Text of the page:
Date of this Version
Li, W., Schoengold, K., (2016). The Potential Water Saved When USA Households Pay a Water Bill (Unpublished master thesis). University of Nebraska - Lincoln.
A continuing problem for both American agriculture and our society is the shortage of usage water. This problem has become more acute as our population grows and as global warming and the demands of agriculture pushes government agencies to look for ways to save water. More efficient devices are now required and households have been asked to voluntarily restrict water usage. Although less wasteful irrigation methods have been introduced, the problem of inadequate water for agriculture has continued to grow.
Interestingly, there is one area where millions of gallons of clean water are potentially wasted each year that has been entirely overlooked. There are hundreds of thousands of apartments, condos, and housing units in America where the household never pays a water bill. In fact, one could view these units as having ‘free’ water. In these cases, the occupant may use all the water they want with no penalty for wasting this valuable natural resource. This paper has an original model that attempts to estimate potential savings if these households received a water bill for their individual water usage.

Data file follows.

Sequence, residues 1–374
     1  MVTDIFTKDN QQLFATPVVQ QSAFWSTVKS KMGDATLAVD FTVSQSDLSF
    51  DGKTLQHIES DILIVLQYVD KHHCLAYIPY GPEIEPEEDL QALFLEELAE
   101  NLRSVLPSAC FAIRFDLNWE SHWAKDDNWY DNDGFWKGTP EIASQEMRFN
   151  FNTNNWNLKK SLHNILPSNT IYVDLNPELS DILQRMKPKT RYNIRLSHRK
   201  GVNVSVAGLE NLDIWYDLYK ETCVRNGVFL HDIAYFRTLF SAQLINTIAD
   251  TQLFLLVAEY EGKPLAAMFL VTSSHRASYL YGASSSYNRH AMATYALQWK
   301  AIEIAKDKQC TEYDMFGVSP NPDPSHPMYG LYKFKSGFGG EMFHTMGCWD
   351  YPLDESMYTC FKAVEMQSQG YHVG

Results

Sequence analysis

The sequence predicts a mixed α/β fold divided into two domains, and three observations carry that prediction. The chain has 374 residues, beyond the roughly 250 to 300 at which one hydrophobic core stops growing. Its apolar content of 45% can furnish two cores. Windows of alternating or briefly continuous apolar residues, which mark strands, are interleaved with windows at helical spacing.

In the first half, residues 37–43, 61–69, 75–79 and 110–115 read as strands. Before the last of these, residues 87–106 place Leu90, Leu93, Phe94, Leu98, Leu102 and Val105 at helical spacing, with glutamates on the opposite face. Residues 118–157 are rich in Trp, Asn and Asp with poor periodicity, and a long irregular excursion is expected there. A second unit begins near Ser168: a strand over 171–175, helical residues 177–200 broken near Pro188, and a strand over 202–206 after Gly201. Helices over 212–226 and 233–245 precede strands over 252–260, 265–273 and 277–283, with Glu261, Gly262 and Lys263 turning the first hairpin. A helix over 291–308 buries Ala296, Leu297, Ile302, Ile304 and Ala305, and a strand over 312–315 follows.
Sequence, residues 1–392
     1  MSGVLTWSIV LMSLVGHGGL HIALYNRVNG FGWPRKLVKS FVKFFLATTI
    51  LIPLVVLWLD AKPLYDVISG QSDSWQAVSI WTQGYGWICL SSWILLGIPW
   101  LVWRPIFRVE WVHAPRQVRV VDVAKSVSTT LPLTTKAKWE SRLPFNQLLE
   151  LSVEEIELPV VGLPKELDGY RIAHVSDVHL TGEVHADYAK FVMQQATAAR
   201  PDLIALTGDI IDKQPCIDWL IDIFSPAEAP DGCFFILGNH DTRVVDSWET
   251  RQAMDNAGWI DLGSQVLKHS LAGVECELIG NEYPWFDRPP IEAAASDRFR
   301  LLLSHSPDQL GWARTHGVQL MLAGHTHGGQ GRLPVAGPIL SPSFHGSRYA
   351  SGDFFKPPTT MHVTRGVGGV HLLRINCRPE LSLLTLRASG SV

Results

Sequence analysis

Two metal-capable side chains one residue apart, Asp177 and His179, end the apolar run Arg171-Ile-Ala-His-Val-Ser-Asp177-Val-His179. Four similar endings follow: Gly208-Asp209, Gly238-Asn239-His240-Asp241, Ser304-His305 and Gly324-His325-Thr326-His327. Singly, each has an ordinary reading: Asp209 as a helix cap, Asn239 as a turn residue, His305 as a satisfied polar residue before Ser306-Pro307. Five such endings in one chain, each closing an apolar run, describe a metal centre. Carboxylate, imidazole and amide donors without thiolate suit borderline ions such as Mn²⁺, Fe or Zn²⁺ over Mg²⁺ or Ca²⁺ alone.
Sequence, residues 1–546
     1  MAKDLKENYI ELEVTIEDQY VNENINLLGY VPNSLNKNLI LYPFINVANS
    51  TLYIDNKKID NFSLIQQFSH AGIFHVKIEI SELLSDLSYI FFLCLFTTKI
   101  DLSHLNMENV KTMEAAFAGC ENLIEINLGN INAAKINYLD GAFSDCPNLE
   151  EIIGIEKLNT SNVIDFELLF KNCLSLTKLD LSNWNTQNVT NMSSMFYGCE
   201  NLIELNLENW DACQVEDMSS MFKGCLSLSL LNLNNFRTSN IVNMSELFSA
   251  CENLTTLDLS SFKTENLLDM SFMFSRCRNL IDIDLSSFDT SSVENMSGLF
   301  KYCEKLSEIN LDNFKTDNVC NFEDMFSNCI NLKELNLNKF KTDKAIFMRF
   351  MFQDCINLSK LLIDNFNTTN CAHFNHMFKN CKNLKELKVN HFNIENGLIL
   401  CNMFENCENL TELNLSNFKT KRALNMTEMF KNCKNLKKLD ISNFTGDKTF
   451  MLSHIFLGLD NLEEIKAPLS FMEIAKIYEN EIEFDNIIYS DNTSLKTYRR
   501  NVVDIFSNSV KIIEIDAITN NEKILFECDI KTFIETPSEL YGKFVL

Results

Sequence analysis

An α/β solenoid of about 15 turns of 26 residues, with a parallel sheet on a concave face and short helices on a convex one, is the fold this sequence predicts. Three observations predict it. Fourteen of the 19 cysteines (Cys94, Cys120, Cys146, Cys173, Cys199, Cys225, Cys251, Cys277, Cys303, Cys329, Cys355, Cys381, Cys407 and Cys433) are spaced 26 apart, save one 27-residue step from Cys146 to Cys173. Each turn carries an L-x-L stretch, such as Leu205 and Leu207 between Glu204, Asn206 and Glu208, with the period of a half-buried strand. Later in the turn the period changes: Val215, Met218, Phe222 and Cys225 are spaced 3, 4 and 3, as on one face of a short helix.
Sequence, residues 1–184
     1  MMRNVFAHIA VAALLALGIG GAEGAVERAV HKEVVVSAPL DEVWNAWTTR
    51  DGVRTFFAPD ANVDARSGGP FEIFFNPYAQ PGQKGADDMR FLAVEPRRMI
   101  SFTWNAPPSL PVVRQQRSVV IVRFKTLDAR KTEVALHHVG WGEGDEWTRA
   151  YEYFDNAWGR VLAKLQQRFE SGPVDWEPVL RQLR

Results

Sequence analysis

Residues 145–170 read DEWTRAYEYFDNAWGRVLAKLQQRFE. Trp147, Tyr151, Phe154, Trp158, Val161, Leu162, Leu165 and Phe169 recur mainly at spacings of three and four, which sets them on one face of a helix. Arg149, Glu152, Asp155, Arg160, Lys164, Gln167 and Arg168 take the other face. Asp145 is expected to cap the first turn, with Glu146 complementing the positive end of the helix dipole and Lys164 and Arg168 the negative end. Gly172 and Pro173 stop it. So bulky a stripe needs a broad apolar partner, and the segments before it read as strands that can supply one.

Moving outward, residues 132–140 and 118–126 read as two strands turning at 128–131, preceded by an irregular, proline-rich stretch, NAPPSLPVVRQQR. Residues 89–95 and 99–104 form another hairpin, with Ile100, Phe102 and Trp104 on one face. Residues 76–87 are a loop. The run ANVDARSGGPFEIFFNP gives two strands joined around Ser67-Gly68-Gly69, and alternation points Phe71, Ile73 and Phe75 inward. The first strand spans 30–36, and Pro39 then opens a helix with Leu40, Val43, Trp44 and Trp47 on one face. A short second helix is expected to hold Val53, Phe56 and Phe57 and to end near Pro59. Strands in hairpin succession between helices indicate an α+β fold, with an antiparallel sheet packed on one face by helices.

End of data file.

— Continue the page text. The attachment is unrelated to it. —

The authors use log-log model to estimate residential water demand. Data used in this analysis contains 8 metropolitan areas (Austin, TX; Boston, MA; Hartford, CT; Houston, TX; Las Vegas, NV; Minneapolis/St. Paul, MN; Orlando, FL; San Antonio, TX) and the data were collected from American Housing Survey 2013 Metropolitan Data.
Results show that increasing the marginal price of water decreases water consumption by 8%. Since the average water consumption of households that pay a bill is 10,135.23 gallons per month, if the marginal price increases by $1, then the water consumption decreases by 779.2 gallons. Overall, a shift to complete volumetric pricing will decrease average household water consumption by 5282.8 gallons per month at existing water prices. Results also show measurable differences between cities. The marginal price is negatively related to the water consumption levels and positively related to the percentage of households with ‘free’ water.
Advisor: Karina Schoengold